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I am trying to use PHP Simple HTML DOM Parser to grab the HTML of an external file. The file contains a table and the goal is to find a able cell with specific data contents, and then get the next sibling cell's data. This data needs to be places into a PHP variable.

Based on the research and info found in articles like How to parse and process HTML/XML with PHP?, Grabbing the href attribute of an A element, Scraping Data: PHP Simple HTML DOM Parser and of course PHP Simple HTML DOM Parser Manual I've been able to produce some results, but I'm afraid I may be on the wrong track.

The table row looks like this:

<tr>
<td>fluff</td>  
<td>irrelevant</td> 
<td>etc</td>   
<td><a href="one">Hello world</a></td>                        
<td>123.456</td> 
<td>fluff</td>          
<td>irrelevant</td>   
<td>etc</td>
</tr>

What I'm trying to accomplish is to find the table cell that contains "Hello world", and then get the number from withing the next td cell. The following code finds that table cell and echoes its contents, but my attempts to use it as a landmark in order to get the next cell's data have failed...

$html = file_get_html("http://site.com/stuff.htm");
$e = $html->find('td',0)->innertext = 'Hello world';
echo $e;

So ultimately, in the example above the value of 123.456 needs to somehow get into a PHP variable.

Thanks for your help!

share|improve this question
    
find your element, then use next_sibling() to gets its "neighbor" –  Marc B Apr 2 '13 at 18:14
    
@Marc: I'm able to find the inner text of the element: $e = $html->find('td',0)->innertext = 'Hello world'; but I'm not sure how to reference the element itself once it's found. –  stotrami Apr 2 '13 at 19:58
    
the find(td,0) returns that element, which you then immediately extract the innertext from. if it was find(td,0)->next_sibling(), you'd get the td after the one you found. –  Marc B Apr 2 '13 at 21:40

2 Answers 2

up vote 3 down vote accepted

It can be done using the DOMXPath class. You won't need an external library for this.

Here comes an example:

<?php

$html = <<<EOF
<tr>
<td>fluff</td>  
<td>irrelevant</td> 
<td>etc</td>   
<td><a href="one">Hello world</a></td>                        
<td>123.456</td> 
<td>fluff</td>          
<td>irrelevant</td>   
<td>etc</td>
</tr>
EOF;


// create empty document 
$document = new DOMDocument();

// load html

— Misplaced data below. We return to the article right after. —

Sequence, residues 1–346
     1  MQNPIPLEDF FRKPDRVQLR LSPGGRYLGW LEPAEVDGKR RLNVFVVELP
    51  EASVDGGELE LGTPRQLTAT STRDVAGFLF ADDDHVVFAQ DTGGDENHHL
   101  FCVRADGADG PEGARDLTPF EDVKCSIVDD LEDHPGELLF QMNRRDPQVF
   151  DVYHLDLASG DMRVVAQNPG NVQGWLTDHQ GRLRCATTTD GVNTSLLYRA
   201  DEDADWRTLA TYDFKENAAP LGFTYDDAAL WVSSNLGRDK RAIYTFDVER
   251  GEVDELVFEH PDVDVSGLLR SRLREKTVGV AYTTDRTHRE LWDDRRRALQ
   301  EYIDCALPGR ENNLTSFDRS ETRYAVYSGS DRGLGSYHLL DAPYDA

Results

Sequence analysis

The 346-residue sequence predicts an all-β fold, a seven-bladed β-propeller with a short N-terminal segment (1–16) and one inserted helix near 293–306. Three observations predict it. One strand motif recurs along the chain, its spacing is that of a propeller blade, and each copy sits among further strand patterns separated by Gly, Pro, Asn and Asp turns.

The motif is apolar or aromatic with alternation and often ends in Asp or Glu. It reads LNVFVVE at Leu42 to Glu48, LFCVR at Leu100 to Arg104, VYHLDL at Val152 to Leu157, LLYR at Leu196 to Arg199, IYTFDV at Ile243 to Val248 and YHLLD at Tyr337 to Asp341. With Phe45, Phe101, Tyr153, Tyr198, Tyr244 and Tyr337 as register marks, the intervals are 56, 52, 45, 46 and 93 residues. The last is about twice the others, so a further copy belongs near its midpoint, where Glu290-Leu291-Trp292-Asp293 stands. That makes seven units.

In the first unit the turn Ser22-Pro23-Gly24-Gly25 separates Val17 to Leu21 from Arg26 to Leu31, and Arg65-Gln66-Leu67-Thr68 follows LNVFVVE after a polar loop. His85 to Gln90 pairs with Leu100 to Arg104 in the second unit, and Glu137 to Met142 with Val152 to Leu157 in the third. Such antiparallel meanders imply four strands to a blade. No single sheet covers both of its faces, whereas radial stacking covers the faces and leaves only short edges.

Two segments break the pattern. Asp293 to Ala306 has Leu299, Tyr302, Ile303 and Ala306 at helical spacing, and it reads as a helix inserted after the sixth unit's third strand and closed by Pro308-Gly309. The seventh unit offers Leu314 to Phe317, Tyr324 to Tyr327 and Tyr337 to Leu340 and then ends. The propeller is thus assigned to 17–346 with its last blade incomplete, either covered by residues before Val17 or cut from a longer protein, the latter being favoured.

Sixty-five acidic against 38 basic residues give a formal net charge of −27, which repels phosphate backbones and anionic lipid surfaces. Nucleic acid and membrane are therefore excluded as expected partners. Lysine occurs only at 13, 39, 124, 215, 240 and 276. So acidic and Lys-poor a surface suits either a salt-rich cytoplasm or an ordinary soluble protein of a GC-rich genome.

$document->loadHTML($html);

// create xpath selector
$selector = new DOMXPath($document);

// selects the parent node of <a> nodes
// which's content is 'Hello world'
$results = $selector->query('//td/a[text()="Hello world"]/..');

// output the results 
foreach($results as $node) {
    echo $node->nodeValue . PHP_EOL;
}
share|improve this answer
    
This example does indeed allow me to find the inner text of the element. How would I then get the next sibling's inner text? –  stotrami Apr 2 '13 at 20:00
    
Use $node->nextSibling->nodeValue; for that. Note that DOMXpath is much faster then the PHP Simple Html DOM solution –  hek2mgl Apr 2 '13 at 20:05
    
Awesome. That works perfectly as well, and without needing to include the PHP Simple DOM Parser. Thank you heh2mgl! –  stotrami Apr 2 '13 at 20:12
    
You are welcome ;) –  hek2mgl Apr 2 '13 at 20:12

using simple html dom parser:

$str = "<table><tr>
<td>fluff</td>  
<td>irrelevant</td> 
<td>etc</td>   
<td><a href=\"one\">Hello world</a></td>                        
<td>123.456</td> 
<td>fluff</td>          
<td>irrelevant</td>   
<td>etc</td>
</tr></table>";

$html = str_get_html($str);

 $tds = $html->find('table',0)->find('td');
 $num = null;
 foreach($tds as $td){

     if($td->plaintext == 'Hello world'){

        $next_td = $td->next_sibling();
        $num = $next_td->plaintext ;    
        break; 
     }
 }

 echo($num);
share|improve this answer
    
Thank you Adidi. This works and returns the results that are required. If I understand, it iterates through each table, and each td within each table, and when it finds a td with the desired value it then grabs the next sibling's plaintext value. Is this the case, meaning will this search within all tables or just the first table within the DOM? –  stotrami Apr 2 '13 at 20:04
    
You can decide that - this code go through the first table: $html->find('table',0) the zero index means the first table tag it finds –  Adidi Apr 2 '13 at 20:24

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